We found that the provider had made suitable arrangements to protect vulnerable people from the risk of abuse and that there was an effective system in place to monitor and assess the quality of the service.

1st January 1970 - During a routine inspection pdf icon

This was an unannounced inspection which took place over two days on 16 and 17 December 2015. The service was last inspected in February 2014 and was complaint with the regulations in force at the time.

Alexandra House is a care home which provides personal care for up to 40 people. Care is primarily provided for older people, including people who are living with dementia. There were 39 people living there at time of inspection.

There was a registered manager who had been in post since September 2014. A registered manager is a person who has registered with the Care Quality Commission to manage the service. Like registered providers, they are ‘registered persons’. Registered persons have legal responsibility for meeting the requirements in the Health and Social Care Act 2008 and associated Regulations about how the service is run.

People told us they felt safe living at the service and that staff knew how to act to keep them safe from harm. The building and equipment were well maintained and there were regular health and safety checks undertaken by staff. There was a need to repair two shower rooms.

There were enough staff to meet people’s sometimes complex needs and the staff were trained, supervised and supported to effectively meet these needs.

Medicines were managed well by the staff and people received the help they needed to take them safely. Where people’s needs changed the staff sought medical advice and encouraged people to maintain their well-being. External healthcare professionals’ advice was sought quickly and acted upon. Improvement was needed to the temperature control of the medicines storage room.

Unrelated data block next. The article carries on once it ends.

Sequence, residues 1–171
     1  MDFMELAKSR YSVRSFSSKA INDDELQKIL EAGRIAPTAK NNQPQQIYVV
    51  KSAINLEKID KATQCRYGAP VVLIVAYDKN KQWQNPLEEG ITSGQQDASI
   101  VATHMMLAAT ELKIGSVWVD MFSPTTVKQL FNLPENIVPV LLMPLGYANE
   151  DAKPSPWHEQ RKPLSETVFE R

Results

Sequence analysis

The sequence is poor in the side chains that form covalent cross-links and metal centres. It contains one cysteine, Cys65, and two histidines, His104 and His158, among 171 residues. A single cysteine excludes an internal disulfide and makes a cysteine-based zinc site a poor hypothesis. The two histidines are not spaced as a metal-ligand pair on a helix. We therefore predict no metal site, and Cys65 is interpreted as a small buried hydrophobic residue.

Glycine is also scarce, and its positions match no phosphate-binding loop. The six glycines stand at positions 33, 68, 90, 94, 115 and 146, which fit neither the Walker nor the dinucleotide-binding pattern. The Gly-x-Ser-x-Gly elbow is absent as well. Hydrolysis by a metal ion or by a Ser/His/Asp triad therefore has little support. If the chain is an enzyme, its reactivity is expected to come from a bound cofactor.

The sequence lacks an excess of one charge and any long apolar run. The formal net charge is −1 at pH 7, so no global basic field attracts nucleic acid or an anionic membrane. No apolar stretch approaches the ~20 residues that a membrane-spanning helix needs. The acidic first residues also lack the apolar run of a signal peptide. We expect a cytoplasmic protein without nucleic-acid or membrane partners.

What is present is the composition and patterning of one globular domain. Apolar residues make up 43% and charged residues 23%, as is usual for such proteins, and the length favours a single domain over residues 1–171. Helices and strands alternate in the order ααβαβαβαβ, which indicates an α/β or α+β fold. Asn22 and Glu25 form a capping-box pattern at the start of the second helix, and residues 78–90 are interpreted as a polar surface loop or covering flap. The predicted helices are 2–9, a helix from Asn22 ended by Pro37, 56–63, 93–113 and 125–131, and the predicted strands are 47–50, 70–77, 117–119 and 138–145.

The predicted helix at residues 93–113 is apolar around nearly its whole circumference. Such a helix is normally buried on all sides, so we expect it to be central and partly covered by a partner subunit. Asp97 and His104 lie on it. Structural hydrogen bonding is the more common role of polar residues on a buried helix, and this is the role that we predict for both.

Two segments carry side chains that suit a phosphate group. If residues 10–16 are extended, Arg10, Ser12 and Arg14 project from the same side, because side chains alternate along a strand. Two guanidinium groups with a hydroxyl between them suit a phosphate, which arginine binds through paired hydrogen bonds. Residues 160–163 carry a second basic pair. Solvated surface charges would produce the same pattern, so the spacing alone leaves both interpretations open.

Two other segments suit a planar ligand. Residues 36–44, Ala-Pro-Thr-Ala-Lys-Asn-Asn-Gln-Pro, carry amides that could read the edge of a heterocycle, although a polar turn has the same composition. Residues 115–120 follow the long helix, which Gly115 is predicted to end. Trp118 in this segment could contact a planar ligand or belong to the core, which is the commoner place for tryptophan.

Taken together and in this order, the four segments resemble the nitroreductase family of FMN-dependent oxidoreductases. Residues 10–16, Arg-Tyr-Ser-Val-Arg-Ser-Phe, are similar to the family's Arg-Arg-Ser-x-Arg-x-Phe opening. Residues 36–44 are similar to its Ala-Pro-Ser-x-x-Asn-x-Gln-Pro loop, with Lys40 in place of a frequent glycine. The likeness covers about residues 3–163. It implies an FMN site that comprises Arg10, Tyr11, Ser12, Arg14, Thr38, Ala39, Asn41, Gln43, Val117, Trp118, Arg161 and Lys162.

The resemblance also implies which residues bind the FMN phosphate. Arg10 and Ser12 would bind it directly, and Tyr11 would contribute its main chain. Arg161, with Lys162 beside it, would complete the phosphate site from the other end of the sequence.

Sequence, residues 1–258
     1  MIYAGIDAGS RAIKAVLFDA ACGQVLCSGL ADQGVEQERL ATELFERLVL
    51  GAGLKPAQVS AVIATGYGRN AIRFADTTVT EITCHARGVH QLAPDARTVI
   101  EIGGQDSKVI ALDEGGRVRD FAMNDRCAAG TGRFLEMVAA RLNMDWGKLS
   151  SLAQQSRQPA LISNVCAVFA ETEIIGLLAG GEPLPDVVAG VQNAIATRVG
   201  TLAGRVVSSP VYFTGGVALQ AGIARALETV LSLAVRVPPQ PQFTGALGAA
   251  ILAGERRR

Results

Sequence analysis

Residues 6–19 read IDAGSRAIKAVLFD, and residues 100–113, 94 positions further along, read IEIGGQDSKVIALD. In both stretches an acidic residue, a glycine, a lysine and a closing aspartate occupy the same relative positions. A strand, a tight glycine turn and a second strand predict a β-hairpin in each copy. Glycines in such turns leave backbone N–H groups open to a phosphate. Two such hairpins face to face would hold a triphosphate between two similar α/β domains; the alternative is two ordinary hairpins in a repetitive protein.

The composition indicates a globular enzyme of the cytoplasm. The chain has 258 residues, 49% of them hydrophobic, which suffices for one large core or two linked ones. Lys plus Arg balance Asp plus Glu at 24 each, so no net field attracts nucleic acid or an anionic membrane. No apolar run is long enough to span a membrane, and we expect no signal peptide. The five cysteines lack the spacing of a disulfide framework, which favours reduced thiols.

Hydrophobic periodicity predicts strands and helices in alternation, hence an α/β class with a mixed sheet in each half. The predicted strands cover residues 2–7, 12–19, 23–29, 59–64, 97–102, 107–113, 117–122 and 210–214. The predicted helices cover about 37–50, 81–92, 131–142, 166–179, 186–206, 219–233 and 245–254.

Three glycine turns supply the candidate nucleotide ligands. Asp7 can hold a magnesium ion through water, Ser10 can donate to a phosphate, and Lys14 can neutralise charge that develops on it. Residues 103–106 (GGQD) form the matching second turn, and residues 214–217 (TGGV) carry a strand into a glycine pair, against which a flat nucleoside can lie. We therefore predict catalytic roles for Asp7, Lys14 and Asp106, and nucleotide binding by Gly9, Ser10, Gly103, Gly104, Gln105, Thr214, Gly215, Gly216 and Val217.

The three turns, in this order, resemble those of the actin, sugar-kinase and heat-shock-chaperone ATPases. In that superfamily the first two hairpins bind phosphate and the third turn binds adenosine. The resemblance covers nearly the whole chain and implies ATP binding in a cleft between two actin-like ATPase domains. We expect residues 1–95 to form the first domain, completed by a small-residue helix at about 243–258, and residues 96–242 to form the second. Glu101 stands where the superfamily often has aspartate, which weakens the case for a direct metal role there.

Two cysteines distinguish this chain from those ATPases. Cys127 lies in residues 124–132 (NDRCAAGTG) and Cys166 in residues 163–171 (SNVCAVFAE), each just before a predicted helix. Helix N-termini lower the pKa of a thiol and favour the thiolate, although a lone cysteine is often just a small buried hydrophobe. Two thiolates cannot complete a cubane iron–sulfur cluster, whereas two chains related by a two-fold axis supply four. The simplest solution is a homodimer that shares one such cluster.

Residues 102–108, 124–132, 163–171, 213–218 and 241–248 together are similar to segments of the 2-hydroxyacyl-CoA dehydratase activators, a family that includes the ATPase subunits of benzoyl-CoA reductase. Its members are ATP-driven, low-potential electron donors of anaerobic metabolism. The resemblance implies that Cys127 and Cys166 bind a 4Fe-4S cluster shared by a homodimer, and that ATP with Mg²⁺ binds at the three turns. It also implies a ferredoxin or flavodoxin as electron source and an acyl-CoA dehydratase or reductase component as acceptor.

People were supported by staff who knew their needs well and how best to support them. Staff were aware of people’s choices and how to support those people who no longer had the capacity to make decisions for themselves. Families felt the service was effective and offered them the reassurance that their relatives were being cared for. Where decisions had to be made about people’s care, families and external professionals were involved and consulted as part of the process.

People were supported to maintain a suitable food and fluid intake. Staff responded flexibly to ensure people maintained their physical wellbeing and worked with people as distinct individuals.

Staff were caring and valued the people they worked with. Staff showed kindness and empathy in responding to people’s needs. Families felt their relatives were cared for by a staff team who valued them and would keep them safe.

Privacy and dignity were considered by the staff team, who ensured that people’s choices and previous wishes were respected. Our observations confirmed there was genuine empathy and warmth between staff and people living at the home. People who were receiving end of life care had their needs appropriately assessed. External professional advice was sought where needed to promote advance care planning.

The service responded to people’s needs as they changed over time, sometimes responding promptly to sudden changes in people’s needs. The service supported people to access appropriate additional support so the staff could keep them safe and well.

The registered manager led by example, supporting staff to consider the best ways to meet people’s needs. The registered manager regularly consulted families and staff to look for ways to improve the service and audits and regular reviews of care delivery were carried out. The registered manager had started to develop tools and techniques to further improve personalised care.



Latest Additions: